Taylor Swift’s music video Hilary Clinton of pop music

Benjamin Garcia

There comes a time in a Grammy year where a pop song blows away all our expectations and transcends to the zeitgeist and is immortalized as an American classic.

Taylor Swift’s song “Look What You Made Me Do” and it’s corresponding music video was not that.

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The video, which premiered at the Video Music Awards, depicts what social media influencers call a knock-off Beyonce’s Lemonade or an Illuminati rebirth; forgetting that such a “rebirth” happened when rapper Kanye West allegedly humiliated Swift at the VMA’s years earlier.

What is sure is that Swift’s new single is self-mocking in an attempt to re-brand; but re-brand from what?

Could it be being called racist or not having black people in a music video set in Africa?

Or possibly being called a copy-cat for mimicking Lana Del Rey’s style in the aforementioned video?

Or being deemed a “snake” by the “Kimye” following on social media?

It really doesn’t matter which former Taylor Swift the new, edgy and apparently dominatrix Taylor Swift is running from, because the old Taylor is still alive and well in the world.

Thematically, “Look What You Made Me Do” is the same as every other Taylor Swift song from “Speak Now” to present.

From then to now, Swift learned to dance and not just move her arms in the same three swoops, not bending her elbow.

Sonically, the song is a safe bet; sounding something like a mixture of Swift’s natural enemy Lana Del Rey and a member of Swift’s crew Lorde — though lacking a good melody or any original substance.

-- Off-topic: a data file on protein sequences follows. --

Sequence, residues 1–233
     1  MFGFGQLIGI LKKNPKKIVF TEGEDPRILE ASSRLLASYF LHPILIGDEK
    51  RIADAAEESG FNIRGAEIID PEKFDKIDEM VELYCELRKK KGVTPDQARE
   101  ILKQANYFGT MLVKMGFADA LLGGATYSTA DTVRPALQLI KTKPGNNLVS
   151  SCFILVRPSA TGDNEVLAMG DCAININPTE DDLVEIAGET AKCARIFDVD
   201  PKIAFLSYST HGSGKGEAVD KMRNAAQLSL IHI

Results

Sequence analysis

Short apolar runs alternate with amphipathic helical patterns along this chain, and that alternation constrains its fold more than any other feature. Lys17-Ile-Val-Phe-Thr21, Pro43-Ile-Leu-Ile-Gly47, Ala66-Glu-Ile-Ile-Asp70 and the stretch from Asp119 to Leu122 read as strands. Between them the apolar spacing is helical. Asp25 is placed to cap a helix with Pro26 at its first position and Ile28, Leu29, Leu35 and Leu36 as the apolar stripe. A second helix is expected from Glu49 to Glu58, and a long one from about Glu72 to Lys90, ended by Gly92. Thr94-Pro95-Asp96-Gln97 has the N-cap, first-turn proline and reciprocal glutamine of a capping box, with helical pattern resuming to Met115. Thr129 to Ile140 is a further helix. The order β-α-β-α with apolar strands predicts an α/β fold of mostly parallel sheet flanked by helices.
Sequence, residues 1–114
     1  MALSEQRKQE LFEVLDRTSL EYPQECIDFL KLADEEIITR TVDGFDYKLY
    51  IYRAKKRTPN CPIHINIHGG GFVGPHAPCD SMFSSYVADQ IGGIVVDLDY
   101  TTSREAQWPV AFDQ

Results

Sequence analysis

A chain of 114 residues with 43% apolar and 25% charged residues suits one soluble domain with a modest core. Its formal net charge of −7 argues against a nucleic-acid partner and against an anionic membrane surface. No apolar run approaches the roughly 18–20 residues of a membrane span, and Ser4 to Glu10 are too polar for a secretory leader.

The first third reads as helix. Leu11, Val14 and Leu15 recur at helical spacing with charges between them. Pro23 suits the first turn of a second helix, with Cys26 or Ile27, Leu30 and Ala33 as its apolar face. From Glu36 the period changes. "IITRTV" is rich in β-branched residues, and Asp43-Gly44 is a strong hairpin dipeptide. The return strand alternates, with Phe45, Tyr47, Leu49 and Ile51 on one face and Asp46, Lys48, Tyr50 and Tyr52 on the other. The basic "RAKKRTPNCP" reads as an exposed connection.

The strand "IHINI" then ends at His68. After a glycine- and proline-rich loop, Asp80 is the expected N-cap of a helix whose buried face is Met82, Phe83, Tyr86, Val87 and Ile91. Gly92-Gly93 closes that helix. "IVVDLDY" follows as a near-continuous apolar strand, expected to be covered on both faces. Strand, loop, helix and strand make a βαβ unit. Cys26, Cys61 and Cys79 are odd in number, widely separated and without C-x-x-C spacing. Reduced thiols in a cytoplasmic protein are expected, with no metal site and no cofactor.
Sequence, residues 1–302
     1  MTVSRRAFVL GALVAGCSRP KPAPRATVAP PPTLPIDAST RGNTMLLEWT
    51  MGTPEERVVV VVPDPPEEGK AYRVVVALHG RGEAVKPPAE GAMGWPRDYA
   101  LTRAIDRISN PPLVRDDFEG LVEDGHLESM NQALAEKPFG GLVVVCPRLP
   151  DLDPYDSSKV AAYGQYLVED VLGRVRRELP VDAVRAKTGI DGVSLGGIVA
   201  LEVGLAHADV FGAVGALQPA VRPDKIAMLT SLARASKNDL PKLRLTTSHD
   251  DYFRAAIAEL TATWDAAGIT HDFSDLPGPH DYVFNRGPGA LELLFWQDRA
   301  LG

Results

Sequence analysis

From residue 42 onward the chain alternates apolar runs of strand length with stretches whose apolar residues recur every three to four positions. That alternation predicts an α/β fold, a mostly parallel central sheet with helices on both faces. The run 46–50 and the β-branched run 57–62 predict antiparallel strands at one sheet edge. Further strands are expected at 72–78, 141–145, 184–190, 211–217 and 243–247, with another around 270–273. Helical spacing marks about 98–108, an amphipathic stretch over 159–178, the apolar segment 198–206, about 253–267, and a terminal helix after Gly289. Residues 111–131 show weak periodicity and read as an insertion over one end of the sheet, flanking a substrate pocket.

When Lana Del Rey writes a dis-track, it’s somehow still beautiful. When Lorde is edgy and dark, it works with the subject matter.

However, the subject matter discussed in “Look What You Made Me Do” is pure high school politics; and this ties directly in with where Swift is in her career.

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As The Young Turks political pundint Ana Kasparian points out, “This isn’t anything new. Usually what young pop stars do when they first have a squeaky clean ‘I’m a really good girl’ image — and then all of a sudden, they grow up a little bit and they’re like ‘I’m so bad and edgy — look at how bad I am. I’m going to get you!'”

Kasparian went on to say that it is indeed “so played out.”

An example of squeaky clean pop stars turning bad and edgy would be Miley Cyrus’ fall from grace and decent into “cultural appropriation.”

This is not meant to be a hit piece on Swift — some of us just wish she could give the drama a rest and rise above all the pettiness which she has started so long ago and continues to perpetuate.

We can be fans of Kanye West, Katy Perry, Nicki Minaj, Lana Del Rey, etc — and still enjoy what Taylor Swift has to put out there; when stars create “played out” and otherwise negative kinds of work so consistently, it becomes boring as Kasparian pointed out- that is what makes ‘Look What You Made Me Do’ a generally bad song.

One could only hope- if not for our waning admiration of Swift, but for the future of pop music- that Taylor Swift can truly “exclude” herself “from this narrative” and make a truly timeless album.